Monday, March 12
A rare double-coffee morning — Mazzola early a.m. into Dunkin’ Donuts mid-a.m. I can’t do a week without a little Dunkin’. I’m from Massachusetts, so it’s basically my religion. I’ve gotten the kids addicted to Munchkins, which I believe is my civic obligation. My wife thinks Munchkins are basically Pall Malls.

I also stop at G. Esposito & Sons Jersey Pork Store and get the kids some prosciutto. This is just one guy’s opinion, but if you’re raising kids in Carroll Gardens and they’re not addicted to prosciutto, soppressata, and fresh mozzarella by the age of 10, you’re doing it wrong.

For lunch, I meet up with my friend Adam Rapoport, the editor at Bon Appétit. If you think I’m going to lunch with Adam just because I was doing this stupid Grub Street Diet: You’re damn right, skippy. We walk from Condé Nast over to Arcade Bakery, this adorable sandwich counter in the middle of a building lobby. It’s exactly the type of place you want Adam Rapoport to take you to. I have the ham sandwich, which was basic, but yummy. As Adam might say, “Ham, cheese, and bread — how can you screw that up?”

Adam and I used to work together years ago at GQ. We were so full of vigor then. Now we sound like Jack Lemmon and Walter Matthau feeding pigeons from a park bench.

At night, there’s a party at the Lambs Club for my friend Kristina O’Neill, the editor of WSJ. magazine, who is celebrating her fifth anniversary as boss. This is about as fancy-pants as the Journal gets — passed hors d’oeuvres, cocktails — but that’s what you get when you’re a huge success like Kristina and WSJ. I give a short speech in Kristina’s honor, and I can see it in the eyes of her talented staff: Who is this sports idiot?

Afterward, I hop in a cab downtown to the Odeon with WSJ.’s food writer, Howie Kahn, and its design writer, Sarah Medford. The first time I ever saw the Odeon was on the cover of Jay McInerney’s Bright Lights, Big City (talk about dating yourself!), and it’s amazing how the Odeon thrives on after all these years. The place was rocking on a Monday. I have the steak tartare, and berries for dessert. Fine, I also order the doughnuts — and manage to get home before 11 p.m. I don’t have anything to eat with Bessie, who’s a schoolteacher, and talking on the phone with another teacher about the student walkouts planned for March 14. They’re really proud of their students. I’m really proud of her. It’s never been an easy job, but we’re putting insane pressure on teachers today.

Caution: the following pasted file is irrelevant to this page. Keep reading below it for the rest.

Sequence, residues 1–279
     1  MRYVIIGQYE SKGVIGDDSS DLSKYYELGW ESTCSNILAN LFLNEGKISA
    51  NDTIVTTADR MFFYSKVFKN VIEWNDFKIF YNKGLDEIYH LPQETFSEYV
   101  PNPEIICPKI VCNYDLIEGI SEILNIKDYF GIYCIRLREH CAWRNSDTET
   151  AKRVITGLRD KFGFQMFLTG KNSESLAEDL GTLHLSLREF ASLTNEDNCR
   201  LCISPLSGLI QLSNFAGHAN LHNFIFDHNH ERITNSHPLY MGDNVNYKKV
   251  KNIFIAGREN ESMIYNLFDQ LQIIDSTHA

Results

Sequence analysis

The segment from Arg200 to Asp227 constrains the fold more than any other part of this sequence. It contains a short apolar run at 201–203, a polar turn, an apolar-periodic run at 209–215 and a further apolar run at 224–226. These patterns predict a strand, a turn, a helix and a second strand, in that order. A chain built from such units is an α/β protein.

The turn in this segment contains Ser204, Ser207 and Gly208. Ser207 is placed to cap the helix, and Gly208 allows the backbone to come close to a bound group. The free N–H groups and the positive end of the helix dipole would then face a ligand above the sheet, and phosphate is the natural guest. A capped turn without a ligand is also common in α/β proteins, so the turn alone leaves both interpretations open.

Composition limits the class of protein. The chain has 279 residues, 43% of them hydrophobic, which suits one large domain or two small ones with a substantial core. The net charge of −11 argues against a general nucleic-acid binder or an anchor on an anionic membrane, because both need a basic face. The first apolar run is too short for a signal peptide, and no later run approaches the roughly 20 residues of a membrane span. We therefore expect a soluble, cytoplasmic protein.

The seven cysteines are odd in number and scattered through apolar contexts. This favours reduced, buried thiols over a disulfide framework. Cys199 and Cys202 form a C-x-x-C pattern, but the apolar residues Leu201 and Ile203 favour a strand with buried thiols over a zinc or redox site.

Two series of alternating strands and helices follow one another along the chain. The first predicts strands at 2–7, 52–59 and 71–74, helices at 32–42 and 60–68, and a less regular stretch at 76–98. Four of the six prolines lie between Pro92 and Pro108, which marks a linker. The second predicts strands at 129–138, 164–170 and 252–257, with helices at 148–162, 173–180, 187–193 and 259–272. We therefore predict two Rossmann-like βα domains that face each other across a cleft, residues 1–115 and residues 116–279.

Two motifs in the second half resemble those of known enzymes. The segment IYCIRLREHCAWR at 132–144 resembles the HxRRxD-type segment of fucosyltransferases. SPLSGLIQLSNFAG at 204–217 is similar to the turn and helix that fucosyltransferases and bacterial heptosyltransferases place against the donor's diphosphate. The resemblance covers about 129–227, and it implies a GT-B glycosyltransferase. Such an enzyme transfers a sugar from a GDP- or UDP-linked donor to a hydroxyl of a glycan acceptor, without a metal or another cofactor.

Tuesday, March 13
Once more, with feeling, I go to Mazzola — the usual family order, with a doughnut thrown in for Mikey, who’s come upstairs for a hang. I do some work and wind up back at our home for lunch, which is … sad drumroll … my daughter’s unfinished peanut-butter-and-jelly sandwich.

A truth about parenting: You can lose ten pounds by just not eating the stuff off of your kids’ plates. Conversely, you can gain ten pounds entirely from dinosaur-shaped kale nuggets.

I have to go out for work tonight, so I order an early family dinner from Purbird: roast chicken, sautéed broccoli, and spinach — and sweet-potato fries for Jesse, or else he’ll call the police. Regular French fries are bad for kids, but if you give them sweet-potato fries, they’ll live until they’re 175.

After dinner, I’m up to Madison Square Garden for a WSJ. subscriber event — a couple of readers have actually won a contest to watch a Knicks game with me and our NBA writer, Ben Cohen. I don’t know whether to feel happy or terribly sad for them. They turn out to be a great group, however — really fun and engaged and interested in sports and the paper, which, in 2018, is something I’m very grateful for. The Knicks lose, but I eat only a third of the cheese plate, so it’s a satisfying victory. Speaking of satisfying victories, did I get through this thing without sounding like an insufferable jackass? That’s all I care about. No? Too late?

Author Jason Gay’s Grub Street Diet